TREVOR LING, KARL MARX AND RELIGION IN EUROPE AND INDIA, The Macmillan Press Ltd, London and Basingstoke, 1980, pp vii "t- 168.
TREVOR LING, who teaches comparative religion at the University of Manchester has written a short, readable book on Marx and Religion. Why he has done so, however, does not emerge quite clearly right through the book. What is a religion? Ling does not quite handle this question except towards the end of the book (see particularly pp 154-155) and there too he plays with descriptions of religion -in such a manner that any movement based on systematic thinking can be described as religion. He has three paragraphs (or more) describing Islam without, of course, using the word "Islam". He then poses the question whether the movement meeting the description would qualify for the title religion. If you answer in the negative prompt comes Ling's retort: "There you are; what was described above was Islam. And don't you correct yourself! For if you did you will have to concede that Marxism is religion too because that was the description of classical German Marxism as well/*
This kind of jugglery with words is not limited to religion. A whole chapter goes into exploring the commonalities between Hippie culture, Krishna Consciousness, Counter-culture and Marxism. Marxism is thus everything. Marxism is religion according to Karl Popper and Adam B Ulam who are rather innocently described as "non-marxist" thinkers. These "non-marx-isf thinkers make a firm declamatory statement saying that Marxism is a religion and that is enough. A point asserted is a point made!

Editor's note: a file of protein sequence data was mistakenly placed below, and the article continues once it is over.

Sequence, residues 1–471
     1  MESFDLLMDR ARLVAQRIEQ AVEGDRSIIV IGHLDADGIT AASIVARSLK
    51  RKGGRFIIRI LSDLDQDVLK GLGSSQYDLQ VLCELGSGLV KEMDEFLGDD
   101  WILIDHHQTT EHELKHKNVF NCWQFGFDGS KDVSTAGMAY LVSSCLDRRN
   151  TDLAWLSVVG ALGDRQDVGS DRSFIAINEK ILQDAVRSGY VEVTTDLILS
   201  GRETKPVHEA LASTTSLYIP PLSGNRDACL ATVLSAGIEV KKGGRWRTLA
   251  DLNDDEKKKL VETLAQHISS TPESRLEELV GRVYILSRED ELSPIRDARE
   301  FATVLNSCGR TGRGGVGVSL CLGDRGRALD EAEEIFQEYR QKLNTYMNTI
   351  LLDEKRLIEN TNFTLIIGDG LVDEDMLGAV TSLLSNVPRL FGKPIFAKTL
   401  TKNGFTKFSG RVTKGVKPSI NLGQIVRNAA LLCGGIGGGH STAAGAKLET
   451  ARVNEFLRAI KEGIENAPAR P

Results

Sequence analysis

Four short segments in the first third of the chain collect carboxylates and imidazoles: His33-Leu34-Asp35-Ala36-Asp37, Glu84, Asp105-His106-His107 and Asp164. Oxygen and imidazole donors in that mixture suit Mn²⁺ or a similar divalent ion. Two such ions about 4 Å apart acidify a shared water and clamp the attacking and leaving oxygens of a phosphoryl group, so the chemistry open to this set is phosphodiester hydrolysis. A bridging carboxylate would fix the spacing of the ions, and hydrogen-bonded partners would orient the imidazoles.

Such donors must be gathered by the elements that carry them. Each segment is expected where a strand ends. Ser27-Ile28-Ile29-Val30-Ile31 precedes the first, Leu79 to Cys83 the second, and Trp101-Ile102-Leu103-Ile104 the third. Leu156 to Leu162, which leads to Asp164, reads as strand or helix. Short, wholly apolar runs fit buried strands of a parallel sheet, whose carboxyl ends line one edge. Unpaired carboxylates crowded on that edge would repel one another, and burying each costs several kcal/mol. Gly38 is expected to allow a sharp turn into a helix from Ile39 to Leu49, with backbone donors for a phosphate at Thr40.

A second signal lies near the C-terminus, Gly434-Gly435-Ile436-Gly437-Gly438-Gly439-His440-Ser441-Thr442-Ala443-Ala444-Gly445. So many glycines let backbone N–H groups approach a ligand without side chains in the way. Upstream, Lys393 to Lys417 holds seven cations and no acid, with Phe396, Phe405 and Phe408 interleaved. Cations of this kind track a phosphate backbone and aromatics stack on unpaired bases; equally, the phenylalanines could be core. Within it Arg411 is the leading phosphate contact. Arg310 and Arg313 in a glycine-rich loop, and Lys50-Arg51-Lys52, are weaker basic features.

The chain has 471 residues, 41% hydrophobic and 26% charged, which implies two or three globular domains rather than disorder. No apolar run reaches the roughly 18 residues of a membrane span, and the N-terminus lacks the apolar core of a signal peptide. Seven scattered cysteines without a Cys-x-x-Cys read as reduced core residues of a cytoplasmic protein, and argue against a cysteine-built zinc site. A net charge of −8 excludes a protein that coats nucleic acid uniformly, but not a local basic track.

But these are not the only problems with this book. Marx wrote some pieces on 'Indian religion' in the nineteenth century. Now after a century and a half it is possible to say that most of what he said was perhaps not based on full knowledge of India's history of religion. In fact Kosambi said this is 1956 and Ling quotes him (p 75). The question is not whether what he wrote was right or wrong. Precisely because Marxism is not a religion it is possible for a Marxist like Kosambi to question the validity of what Marx had to say about Indian religion. But then Ling forgets Kosambi when he turns to proving Marxism to be a religion. Equally inexplicably he describes Max Waber's analysis of Indian religion as a "possibly Marxist analysis" (p 78). One is at a loss to understand what